Polyunsaturated fatty acids (PUFAs) are fatty acids that contain two or more unsaturated double bond structures. Depending on the position of the first unsaturated bond, PUFAs can be divided into ω-3, ω-6, ω-7, ω-9 series. ω-3 PUFAs mainly include α-linolenic acid (ALA), eicosapentaenoic acid (EPA), docosapentaenoic acid (DPA) and docosahexaenoic acid (DHA), etc. ω-6 PUFAs mainly include linoleic acid (LA), dihomo-γ-linolenic acid (DHGLA), γ-linolenic acid (GLA) and arachidonic acid (AA), etc. There are also ω-7 series and ω-9 series, such as eicosatrienoic acid, etc.
Studies have shown that there are disorders of fatty acid metabolism in the obese state, which may be an adaptive response to obesity. An increased proportion of dietary ω-6 PUFAs can cause fat aggregation in the body and promote obesity, while an increased proportion of ω-3 PUFAs has the effect of inhibiting fat aggregation. In obesity, adipose tissue will synthesize and release a large amount of inflammatory mediators such as tumor necrosis factor, interleukin and C-reactive protein, which are involved in physiopathological processes, and to a certain extent, it will promote the increased reactivity of ω-3 PUFAs to antagonize the inflammatory effects of these inflammatory factors.
Hypocretin-1 is secreted by hypothalamic secretory cells. The secretory effect of hypothalamic secretory cells can be inhibited by leptin and hyperglycemic state, and activated by ghrelin and hypoglycemic state, according to which hypocretin-1 has been found to enhance appetite, increase the amount of food eaten and accelerate catabolism. The main function of leptin is to regulate energy metabolism, and the expression and secretion of leptin are influenced by various factors such as diet, hormones, and disease. Elevated plasma leptin levels and leptin resistance are one of the main pathological features of obesity. ω-3 and ω-6 PUFAs may be associated with the development of leptin resistance, but the direct regulation of leptin expression by these two types of fatty acids cannot be determined.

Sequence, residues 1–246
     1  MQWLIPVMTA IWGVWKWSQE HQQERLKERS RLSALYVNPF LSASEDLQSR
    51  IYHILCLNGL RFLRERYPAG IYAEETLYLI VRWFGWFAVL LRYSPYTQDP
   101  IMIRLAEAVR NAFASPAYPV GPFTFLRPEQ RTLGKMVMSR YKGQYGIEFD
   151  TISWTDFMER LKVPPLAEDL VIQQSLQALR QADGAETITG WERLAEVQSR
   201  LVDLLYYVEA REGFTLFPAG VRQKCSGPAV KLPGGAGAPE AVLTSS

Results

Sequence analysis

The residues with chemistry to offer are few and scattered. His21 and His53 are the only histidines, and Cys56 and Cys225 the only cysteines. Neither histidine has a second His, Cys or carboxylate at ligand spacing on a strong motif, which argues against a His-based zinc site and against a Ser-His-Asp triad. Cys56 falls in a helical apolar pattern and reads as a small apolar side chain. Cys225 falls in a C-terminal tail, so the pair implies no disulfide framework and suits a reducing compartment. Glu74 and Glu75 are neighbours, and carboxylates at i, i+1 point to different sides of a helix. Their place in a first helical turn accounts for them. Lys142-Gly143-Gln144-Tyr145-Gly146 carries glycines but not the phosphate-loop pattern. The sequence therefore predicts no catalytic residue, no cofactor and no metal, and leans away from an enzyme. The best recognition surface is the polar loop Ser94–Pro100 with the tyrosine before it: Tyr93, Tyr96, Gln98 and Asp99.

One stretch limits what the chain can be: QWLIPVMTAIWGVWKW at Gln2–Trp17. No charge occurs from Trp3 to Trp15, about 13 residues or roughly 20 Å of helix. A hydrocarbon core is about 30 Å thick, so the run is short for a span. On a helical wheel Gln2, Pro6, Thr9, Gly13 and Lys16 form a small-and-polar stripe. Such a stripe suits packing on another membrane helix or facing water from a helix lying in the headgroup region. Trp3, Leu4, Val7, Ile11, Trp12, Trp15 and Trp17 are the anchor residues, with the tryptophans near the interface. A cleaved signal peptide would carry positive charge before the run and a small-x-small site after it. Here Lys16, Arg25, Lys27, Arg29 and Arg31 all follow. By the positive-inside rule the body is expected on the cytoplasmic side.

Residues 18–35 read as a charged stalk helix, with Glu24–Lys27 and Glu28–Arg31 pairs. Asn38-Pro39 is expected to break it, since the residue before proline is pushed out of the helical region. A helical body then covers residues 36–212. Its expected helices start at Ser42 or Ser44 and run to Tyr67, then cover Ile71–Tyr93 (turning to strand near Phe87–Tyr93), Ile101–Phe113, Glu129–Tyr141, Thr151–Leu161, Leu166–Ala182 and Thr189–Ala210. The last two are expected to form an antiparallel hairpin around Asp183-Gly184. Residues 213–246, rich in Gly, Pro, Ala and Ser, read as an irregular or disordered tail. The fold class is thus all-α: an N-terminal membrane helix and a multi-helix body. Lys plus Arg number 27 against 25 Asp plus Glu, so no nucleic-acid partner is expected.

Dietary fatty acids are associated with lipid metabolism, coronary heart disease (CHD), and atherosclerosis (AS). ω-6 PUFAs cause platelet agglutination and thrombosis, while ω-3 PUFAs have the opposite effect. Excess dietary ω-6 PUFAs increase blood viscosity, vasospasm and vasoconstriction, and increased ω-3 PUFAs in the diet alleviate these symptoms. However, excessive intake of ω-3 PUFAs also has the risk of aggravating bleeding. Excessive intake of EPA and DHA causes excessive inhibition of TXA2 formation, resulting in prolonged bleeding time, aggravation of bleeding phenomenon, and may even increase the risk of cerebral hemorrhage.
Supplementation with ω-3 PUFAs or fish oil can improve some immune diseases and suppress inflammatory responses. ω-3 PUFAs (EPA, DHA) can replace AA in cell membrane phospholipids and compete with cyclooxygenase and lipoxygenase to reduce various types of inflammatory mediators produced by AA and reduce inflammatory responses. ω-3 PUFAs can also change the fatty acid composition of cell membrane phospholipids to alter cell membrane fluidity, the function of membrane-related signaling molecules, enzymes, and receptors to alter the signaling process.
PUFAs are important components of cell membrane phospholipids, which are important determinants of cell membrane function and play an important role in cell surface signaling. ω-3 PUFAs inhibit cellular immunity by inhibiting antigen presentation by antigen-presenting cells. ω-6 PUFAs inhibit cell-mediated immune function. ω-3 PUFAs have the ability to alter the function of complement and immune cells. ω-6 PUFAs fat emulsions can also inhibit the function of natural killer cells (NK cells) in humans.
In addition, PUFAs also perform their physiological functions in a variety of diseases such as sudden death, depression, childhood attention deficit hyperactivity disorder, and Alzheimer's disease.